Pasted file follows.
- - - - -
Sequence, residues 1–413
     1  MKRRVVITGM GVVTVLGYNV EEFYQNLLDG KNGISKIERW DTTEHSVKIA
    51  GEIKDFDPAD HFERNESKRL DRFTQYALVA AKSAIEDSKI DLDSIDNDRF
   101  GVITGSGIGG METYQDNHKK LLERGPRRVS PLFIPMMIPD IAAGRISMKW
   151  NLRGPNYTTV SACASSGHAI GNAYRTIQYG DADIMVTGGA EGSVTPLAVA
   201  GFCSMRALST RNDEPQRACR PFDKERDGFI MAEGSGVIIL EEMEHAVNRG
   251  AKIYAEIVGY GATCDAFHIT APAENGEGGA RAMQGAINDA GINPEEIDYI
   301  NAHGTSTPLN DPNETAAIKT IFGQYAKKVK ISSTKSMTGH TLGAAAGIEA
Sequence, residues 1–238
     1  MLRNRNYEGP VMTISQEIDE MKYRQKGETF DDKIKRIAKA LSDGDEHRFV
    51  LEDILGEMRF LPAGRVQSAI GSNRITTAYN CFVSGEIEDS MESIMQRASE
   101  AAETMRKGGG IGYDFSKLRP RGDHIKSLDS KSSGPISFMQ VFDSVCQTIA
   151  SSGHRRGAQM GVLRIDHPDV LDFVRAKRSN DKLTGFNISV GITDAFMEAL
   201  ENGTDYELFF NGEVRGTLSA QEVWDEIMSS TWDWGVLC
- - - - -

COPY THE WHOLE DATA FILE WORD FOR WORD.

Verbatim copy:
Sequence, residues 1–413
     1  MKRRVVITGM GVVTVLGYNV EEFYQNLLDG KNGISKIERW DTTEHSVKIA
    51  GEIKDFDPAD HFERNESKRL DRFTQYALVA AKSAIEDSKI DLDSIDNDRF
   101  GVITGSGIGG METYQDNHKK LLERGPRRVS PLFIPMMIPD IAAGRISMKW
   151  NLRGPNYTTV SACASSGHAI GNAYRTIQYG DADIMVTGGA EGSVTPLAVA
   201  GFCSMRALST RNDEPQRACR PFDKERDGFI MAEGSGVIIL EEMEHAVNRG
   251  AKIYAEIVGY GATCDAFHIT APAENGEGGA RAMQGAINDA GINPEEIDYI
   301  NAHGTSTPLN DPNETAAIKT IFGQYAKKVK ISSTKSMTGH TLGAAAGIEA
Sequence, residues 1–238
     1  MLRNRNYEGP VMTISQEIDE MKYRQKGETF DDKIKRIAKA LSDGDEHRFV
    51  LEDILGEMRF LPAGRVQSAI GSNRITTAYN CFVSGEIEDS MESIMQRASE
   101  AAETMRKGGG IGYDFSKLRP RGDHIKSLDS KSSGPISFMQ VFDSVCQTIA
   151  SSGHRRGAQM GVLRIDHPDV LDFVRAKRSN DKLTGFNISV GITDAFMEAL
   201  ENGTDYELFF NGEVRGTLSA QEVWDEIMSS TWDWGVLC